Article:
The July 2006 edition of the IRR journal Race & Class leads with an essay by Matt Carr on the growing respectability of the concept of ‘Eurabia’, the fantasy that Europe is at risk of being transformed into an Islamic colony, continues with John Berger’s ‘Dispatches’ from Palestine and elsewhere and carries an interview with A. Sivanandan on freedom of speech. Also featured are articles on Abu Ghraib and the US prison regime and the use of assassination against liberation movements.
You are now entering Eurabia
An increasingly influential intellectual consensus on both sides of the Atlantic has presented Europe as a doomed and decadent continent that is being transformed into an Islamic colony called ‘Eurabia’. Writer and journalist Matt Carr takes the reader on a journey through the writings of conservative historians and newspaper columnists, right-wing Zionists and European neo-fascists, who find common cause in the dangerous Islamophobic fantasy that ‘Judeo-Christian’ civilisation is under threat from Muslim immigrants.
‘What is happening is the careful destruction of a people and a promised nation. And around this destruction there are small words and evasive silence.’ John Berger, whose writings in various genres have been widely acclaimed, speaks of the undefeated despair of Palestine, endurance in face of walls and the loss of bearings, political and spatial.
Abu Ghraib: imprisonment and the war on terror
The exposure of torture and sadistic treatment of prisoners in US-run prisons in Iraq and elsewhere in the war on terror reflects accepted civilian prison norms in the US. Professor in sociology at the University of California, Santa Barbara, Avery F. Gordon describes how permanent war and permanent imprisonment are not exceptional but increasingly the routine means by which the racial state organises the abandonment of surplus and potentially rebellious populations and attempts to quarantine the effects of global poverty.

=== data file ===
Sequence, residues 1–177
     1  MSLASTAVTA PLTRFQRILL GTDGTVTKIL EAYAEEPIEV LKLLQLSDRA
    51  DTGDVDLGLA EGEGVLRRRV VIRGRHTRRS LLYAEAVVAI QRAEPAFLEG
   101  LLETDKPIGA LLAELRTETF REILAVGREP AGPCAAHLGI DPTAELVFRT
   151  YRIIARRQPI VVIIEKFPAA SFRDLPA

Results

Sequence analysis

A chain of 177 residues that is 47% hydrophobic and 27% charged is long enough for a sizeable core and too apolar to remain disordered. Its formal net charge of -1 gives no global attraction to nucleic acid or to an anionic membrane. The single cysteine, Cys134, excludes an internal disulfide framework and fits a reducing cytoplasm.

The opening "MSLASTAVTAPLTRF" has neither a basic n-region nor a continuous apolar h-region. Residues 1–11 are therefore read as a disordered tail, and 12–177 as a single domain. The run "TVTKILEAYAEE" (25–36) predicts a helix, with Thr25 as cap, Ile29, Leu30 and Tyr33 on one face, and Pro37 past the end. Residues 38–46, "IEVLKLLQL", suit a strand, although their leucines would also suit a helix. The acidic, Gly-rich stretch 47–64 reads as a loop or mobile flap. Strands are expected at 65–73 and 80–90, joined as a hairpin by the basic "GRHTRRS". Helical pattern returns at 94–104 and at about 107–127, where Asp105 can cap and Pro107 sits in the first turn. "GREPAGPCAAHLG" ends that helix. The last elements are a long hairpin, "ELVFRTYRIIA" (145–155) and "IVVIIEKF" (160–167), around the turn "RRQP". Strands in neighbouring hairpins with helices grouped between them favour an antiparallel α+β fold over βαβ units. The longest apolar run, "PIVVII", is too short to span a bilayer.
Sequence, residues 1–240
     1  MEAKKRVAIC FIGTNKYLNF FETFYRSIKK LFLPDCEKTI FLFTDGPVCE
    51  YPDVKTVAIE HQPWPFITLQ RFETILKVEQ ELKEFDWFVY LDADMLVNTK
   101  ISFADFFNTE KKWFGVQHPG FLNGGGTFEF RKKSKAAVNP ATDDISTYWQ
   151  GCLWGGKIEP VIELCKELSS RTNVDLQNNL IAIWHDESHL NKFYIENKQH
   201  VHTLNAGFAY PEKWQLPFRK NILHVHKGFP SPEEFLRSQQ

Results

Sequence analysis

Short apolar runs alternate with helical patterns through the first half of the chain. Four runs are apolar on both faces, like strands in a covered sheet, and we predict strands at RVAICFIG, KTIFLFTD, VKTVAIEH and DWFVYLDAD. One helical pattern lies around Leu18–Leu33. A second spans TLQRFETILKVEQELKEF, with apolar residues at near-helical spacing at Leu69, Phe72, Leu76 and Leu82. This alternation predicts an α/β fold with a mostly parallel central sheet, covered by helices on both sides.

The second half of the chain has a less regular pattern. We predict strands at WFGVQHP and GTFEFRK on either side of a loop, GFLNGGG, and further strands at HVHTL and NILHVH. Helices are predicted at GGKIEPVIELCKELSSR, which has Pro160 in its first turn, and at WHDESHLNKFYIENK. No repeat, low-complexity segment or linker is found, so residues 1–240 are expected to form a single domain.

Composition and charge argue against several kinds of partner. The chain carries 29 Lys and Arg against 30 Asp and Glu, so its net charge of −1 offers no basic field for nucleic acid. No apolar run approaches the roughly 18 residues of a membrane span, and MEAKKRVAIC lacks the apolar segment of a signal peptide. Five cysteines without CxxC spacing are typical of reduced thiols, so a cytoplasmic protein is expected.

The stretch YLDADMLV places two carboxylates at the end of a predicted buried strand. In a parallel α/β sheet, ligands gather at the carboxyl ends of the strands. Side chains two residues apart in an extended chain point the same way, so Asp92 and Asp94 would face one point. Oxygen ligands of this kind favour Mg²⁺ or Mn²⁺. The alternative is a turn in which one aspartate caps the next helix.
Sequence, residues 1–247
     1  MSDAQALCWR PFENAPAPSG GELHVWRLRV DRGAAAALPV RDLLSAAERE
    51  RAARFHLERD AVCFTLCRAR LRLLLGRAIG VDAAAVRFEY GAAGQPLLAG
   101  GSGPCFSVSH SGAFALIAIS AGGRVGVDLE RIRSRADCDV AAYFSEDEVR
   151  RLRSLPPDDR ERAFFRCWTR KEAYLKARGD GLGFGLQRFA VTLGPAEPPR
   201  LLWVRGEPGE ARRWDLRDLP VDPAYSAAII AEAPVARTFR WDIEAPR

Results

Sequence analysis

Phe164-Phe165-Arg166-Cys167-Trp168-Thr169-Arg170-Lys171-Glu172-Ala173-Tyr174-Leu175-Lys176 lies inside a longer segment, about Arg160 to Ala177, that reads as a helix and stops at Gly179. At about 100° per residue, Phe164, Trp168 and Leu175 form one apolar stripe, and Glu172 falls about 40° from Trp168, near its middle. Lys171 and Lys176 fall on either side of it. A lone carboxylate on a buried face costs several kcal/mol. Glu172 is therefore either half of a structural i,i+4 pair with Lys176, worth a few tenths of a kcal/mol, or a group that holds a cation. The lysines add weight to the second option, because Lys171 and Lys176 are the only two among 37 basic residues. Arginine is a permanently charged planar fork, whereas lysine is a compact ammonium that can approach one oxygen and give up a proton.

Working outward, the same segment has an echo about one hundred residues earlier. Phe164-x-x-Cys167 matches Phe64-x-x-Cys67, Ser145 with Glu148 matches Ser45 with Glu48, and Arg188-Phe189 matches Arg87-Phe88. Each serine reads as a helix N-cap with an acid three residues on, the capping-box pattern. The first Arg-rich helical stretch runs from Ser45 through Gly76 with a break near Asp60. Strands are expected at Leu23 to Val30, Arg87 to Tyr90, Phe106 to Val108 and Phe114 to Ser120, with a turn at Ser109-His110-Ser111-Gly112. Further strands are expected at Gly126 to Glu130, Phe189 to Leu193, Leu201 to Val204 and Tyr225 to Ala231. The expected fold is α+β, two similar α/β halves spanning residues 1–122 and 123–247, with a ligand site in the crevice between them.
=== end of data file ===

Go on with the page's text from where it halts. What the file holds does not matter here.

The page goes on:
They had to die: assassination against liberation
The use of political assassination against key leaders of liberation movements has had a major impact on the course of history in Africa and the Middle East. Journalist Victoria Brittain surveys assassinations carried out by western states and their agents from the 1960s onwards, revealing a bloody legacy of killings of leaders from Algeria, Cameroon, Congo, Ghana, Guinea-Bissau, Morocco, Mozambique, Palestine, South Africa, Togo and Zimbabwe – all of which were linked to the interests of western imperialism.
Freedom of speech is not an absolute
In a wide-ranging interview, Race & Class editor A. Sivanandan reflects on the publication of cartoons of the Prophet Muhammad, freedom of speech and its relation to other freedoms in an unequal, globalised world.
‘Like leaves in the wind’: desperately seeking asylum in the UK
Drawing on interviews with Sudanese men, Helen Hintjens, of the Institute of Social Studies, The Hague, relates the effects of Britain’s policies of forced destitution, detention and deportation of asylum seeekers.
What caused the Cronulla riot?
The December 2005 outbreak of mass racist violence against young men of ‘Middle Eastern appearance’ on Cronulla beach, Sydney, was the culmination of a campaign of populist incitement waged in the media and by the state, argues Scott Poynting, associate professor in the school of humanities and languages at the University of Western Sydney.
Race & Class is published quarterly, in January, April, July and October, by Sage Publications for the Institute of Race Relations; individual subscriptions are £27/$47, for four issues, with an introductory rate of £20/$35 for new subscribers.
Race & Class: a journal on racism, empire and globalisation